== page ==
• Sun. Jul 14th, 2024

Singapore Airlines offers at least $10K to cover turbulence injuries

Singapore Airlines said Monday that it is offering between $10,000 and $25,000 in compensation to passengers who were injured on a flight from London to Singapore that hit severe turbulence in May.

Singapore Airlines Flight 321 was traveling over Myanmar’s Irrawaddy Basin when the plane plummeted about 178 feet in 4.6 seconds, creating 1.5 G-forces and throwing passengers and crew to the ceiling, according to a Transport Safety Investigation Bureau of Singapore (TSIB) preliminary report.

One 73-year-old passenger died of a suspected heart attack. According to a hospital in Bangkok, where the plane made an emergency landing, 22 people were in intensive care with spine or spinal cord injuries, and another six had brain and skull injuries. There were 211 passengers and 18 crew members onboard.

An Australian passenger, Kerry Jordan, told an Adelaide newspaper that she was paralyzed as a result of her injuries.

Video shows the cabin of a Singapore Airlines flight that encountered severe turbulence on May 21, killing one British passenger. (Video: Viral Press via AP)

In a statement posted to Facebook, Singapore Airlines said passengers with severe injuries were offered an advance payment of $25,000 and invited to “discuss a compensation offer to meet each of their specific circumstances” directly with the airline. The $25,000 would be considered part of the “final compensation” they receive.

Passengers with “minor injuries” were offered $10,000, Singapore Airlines said. It did not specify what it views as minor.

The airline said it provided all passengers on Flight 321 with $739 (1,000 Singapore dollars) to meet immediate expenses upon leaving Bangkok, and every passenger on the flight will get a full refund if they have not already.

Passengers who are eligible could receive European trip delay compensation worth more than $600.

“We are very sorry for the traumatic experience that everyone onboard SQ321 went through,” Goh Choon Phong, the CEO of Singapore Airlines, said in a video message shortly after the incident. “Our priority is to render all possible assistance to all passengers and crew members.”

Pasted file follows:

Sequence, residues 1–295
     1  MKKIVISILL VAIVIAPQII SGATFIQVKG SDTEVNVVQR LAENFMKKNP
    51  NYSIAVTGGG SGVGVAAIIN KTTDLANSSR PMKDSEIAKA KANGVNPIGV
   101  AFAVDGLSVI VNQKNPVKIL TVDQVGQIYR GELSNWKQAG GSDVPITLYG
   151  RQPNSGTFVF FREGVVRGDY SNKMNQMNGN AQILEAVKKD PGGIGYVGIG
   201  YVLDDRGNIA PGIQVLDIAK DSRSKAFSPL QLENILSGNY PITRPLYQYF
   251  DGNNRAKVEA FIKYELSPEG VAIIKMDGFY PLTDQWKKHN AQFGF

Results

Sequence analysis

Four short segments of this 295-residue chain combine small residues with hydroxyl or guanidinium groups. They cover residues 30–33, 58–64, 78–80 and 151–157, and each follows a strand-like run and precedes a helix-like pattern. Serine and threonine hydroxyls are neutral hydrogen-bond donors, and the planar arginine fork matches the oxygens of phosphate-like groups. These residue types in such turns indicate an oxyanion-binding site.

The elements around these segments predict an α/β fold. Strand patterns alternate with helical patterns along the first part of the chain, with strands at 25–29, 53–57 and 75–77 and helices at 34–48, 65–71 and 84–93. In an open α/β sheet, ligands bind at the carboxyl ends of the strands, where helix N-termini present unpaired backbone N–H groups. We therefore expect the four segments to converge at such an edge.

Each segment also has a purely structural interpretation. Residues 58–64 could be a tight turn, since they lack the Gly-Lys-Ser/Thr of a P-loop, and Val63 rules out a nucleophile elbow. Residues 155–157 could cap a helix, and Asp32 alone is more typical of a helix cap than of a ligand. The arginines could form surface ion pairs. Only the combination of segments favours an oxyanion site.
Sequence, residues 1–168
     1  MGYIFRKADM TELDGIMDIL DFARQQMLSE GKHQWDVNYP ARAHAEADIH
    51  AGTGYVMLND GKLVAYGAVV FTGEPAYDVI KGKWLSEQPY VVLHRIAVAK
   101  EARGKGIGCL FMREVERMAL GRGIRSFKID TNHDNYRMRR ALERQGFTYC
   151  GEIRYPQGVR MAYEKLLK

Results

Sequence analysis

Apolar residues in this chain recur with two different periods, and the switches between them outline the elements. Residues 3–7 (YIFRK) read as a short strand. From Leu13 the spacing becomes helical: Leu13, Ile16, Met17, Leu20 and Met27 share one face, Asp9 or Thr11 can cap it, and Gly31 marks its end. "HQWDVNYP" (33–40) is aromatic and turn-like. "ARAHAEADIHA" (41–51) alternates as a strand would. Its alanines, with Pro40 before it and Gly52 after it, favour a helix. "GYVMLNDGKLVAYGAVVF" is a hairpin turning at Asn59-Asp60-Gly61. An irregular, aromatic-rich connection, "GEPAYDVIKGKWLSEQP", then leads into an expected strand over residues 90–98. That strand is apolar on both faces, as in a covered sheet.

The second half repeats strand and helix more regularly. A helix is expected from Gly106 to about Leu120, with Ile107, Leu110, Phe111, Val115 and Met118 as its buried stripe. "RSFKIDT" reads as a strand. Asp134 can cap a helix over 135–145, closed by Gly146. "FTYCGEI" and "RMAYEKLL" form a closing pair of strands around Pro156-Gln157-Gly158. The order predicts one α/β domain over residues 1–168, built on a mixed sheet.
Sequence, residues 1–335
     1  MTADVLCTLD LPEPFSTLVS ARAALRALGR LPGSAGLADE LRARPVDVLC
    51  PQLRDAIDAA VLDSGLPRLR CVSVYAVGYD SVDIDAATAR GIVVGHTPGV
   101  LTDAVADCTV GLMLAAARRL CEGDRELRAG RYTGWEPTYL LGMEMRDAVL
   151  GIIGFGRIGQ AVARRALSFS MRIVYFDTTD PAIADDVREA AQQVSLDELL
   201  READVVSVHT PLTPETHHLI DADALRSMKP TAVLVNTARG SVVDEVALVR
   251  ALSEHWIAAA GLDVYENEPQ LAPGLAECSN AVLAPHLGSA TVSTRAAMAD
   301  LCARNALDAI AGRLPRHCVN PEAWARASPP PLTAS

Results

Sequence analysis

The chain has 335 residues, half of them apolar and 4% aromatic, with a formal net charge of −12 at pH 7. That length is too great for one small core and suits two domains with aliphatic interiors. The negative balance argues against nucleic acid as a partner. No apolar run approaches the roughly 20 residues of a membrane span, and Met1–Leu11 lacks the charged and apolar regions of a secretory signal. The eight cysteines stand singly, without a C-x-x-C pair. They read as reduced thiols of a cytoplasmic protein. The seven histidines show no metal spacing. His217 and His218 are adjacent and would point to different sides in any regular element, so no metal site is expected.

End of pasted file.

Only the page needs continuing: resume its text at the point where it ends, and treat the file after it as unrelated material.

Paul Hudson, the president of the nonprofit FlyersRights, said in a statement he believes this is an attempt by the airline to avoid any litigation.

“This offer accordingly can be viewed as a first offer and should in our view not be accepted unless it does not require a waiver of additional liability,” Hudson said.

Singapore Airlines would not disclose to The Washington Post whether its offers were contingent on waiving future litigation. “Details of the compensation offers will be discussed directly with the affected passengers,” the airline said in a statement.

An international agreement, the Montreal Convention, sets the maximum compensation in the case of injury or death onboard an international flight at about $170,000. An airline does not admit fault when making payments up to that amount. Travelers can sue for additional damages but must prove that the airline was negligent.

Ladd Sanger, a managing partner at the Texas law firm Slack Davis Sanger who has worked on multiple airline incident cases, said the compensation for uninjured passengers was “pretty good.”

He estimated that the offer was worth several thousand dollars to uninjured travelers — including refunds for airfare and any compensation for delays — and significantly more to those who were injured. For passengers who did not suffer injuries, Sanger said the compensation alone was probably more than what they could expect from a lawsuit after legal fees.

“In general, that’s not a bad offer,” said Sanger, comparing it with those made by U.S. carriers previously. Sanger did recommend that Singapore Airlines passengers who were seriously injured seek legal support.

Alaska Airlines offered passengers onboard Flight 1282 $1,500 in compensation, as well as mental health services, after a door plug broke off the Boeing 737 Max 9 plane shortly after takeoff from Portland, Ore., in January.

Several lawsuits have been filed against Alaska and Boeing in the Flight 1282 case.

Some passengers aboard Singapore Airlines Flight 321 have hired the Australian firm Carter Capner Law to investigate possible negligence on the part of the airline.


By admin